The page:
Dublin-based Research and Markets has added a new report on the Chinese insurance industry to their offering. “‘China Insurance Sector Analysis (2006)’, provides extensive research and objective analysis about the growing insurance industry in China, its product quality, and services,” said R&M’s bulletin. “This report helps clients to analyze the leading-edge opportunities critical to the success of the insurance Industry in China. Detailed data and analysis helps investor, financial service providers, and global banking players navigate the evolving market of insurance in China.”
The study analyzes both the life and non-life sectors, and “provides an overview of the key players in this industry like China Life Insurance, CITIC Group, Generali China Life, Manulife-Sinochem Life, China Pacific Life, PICC Property, Mitsui Sumitomo and Pingan Life.”
The research report also addresses the issues and facts that are “critical to business success, such as: – What are the marketing strategies of the players in the insurance industry? – How is the growth in Health and Group insurance driving the Insurance sector in China? – How do the demographic factors, like death rate and birthrates affect the Chinese insurance market? – What are the emerging opportunity and challenges for the industry players? – What are the most prospective areas for investments in the insurance sector in near future? – Which factors will lead to the growth of Life and Non Life insurance in China?”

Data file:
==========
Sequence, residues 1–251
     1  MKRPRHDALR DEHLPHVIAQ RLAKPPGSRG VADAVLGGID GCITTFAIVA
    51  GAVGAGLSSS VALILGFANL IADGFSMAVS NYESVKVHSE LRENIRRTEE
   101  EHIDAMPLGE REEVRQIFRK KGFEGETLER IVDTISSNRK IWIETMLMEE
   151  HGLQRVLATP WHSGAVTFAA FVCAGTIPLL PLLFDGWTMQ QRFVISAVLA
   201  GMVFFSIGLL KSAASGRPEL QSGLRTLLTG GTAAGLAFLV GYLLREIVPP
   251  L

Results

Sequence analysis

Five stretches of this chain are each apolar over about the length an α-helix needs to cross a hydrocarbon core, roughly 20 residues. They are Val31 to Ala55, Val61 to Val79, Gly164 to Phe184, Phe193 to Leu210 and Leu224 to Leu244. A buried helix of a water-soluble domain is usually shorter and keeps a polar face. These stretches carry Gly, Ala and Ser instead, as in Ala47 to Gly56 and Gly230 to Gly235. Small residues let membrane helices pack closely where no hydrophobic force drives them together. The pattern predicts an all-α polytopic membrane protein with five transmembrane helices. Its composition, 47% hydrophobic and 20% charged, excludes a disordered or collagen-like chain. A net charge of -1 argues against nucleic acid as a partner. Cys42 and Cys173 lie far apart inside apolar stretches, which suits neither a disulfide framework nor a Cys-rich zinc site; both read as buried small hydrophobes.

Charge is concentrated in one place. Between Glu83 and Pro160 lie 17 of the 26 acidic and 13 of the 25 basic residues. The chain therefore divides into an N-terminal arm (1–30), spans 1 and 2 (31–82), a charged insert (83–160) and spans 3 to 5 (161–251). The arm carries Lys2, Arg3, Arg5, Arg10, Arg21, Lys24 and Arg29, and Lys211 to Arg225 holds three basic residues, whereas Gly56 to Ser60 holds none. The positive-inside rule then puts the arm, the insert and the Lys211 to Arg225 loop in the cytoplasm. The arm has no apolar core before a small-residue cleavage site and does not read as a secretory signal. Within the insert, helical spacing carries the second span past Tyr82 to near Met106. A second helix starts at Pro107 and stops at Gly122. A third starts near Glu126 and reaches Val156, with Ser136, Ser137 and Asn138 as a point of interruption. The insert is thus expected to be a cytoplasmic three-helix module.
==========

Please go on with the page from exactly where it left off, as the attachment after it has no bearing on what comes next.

R&M notes: “The Chinese insurance market has shown a steady growth in the recent past. China has a population of over 1.3 billion and the top ten insurers in China only have approximately 10 percent share in the market. That means that 90 percent of the potential insurance market in China has yet not been tapped.
Other key findings in the report are:
– The total insurance market in China is expected to grow at the rate of more than 13 percent to reach the level of more than US$ 100 Billion from the year 2006 onwards.
– Rapid growth in car sales is expected to propel growth in auto insurance, which accounts for more than 60 percent of China’s non-life premium.
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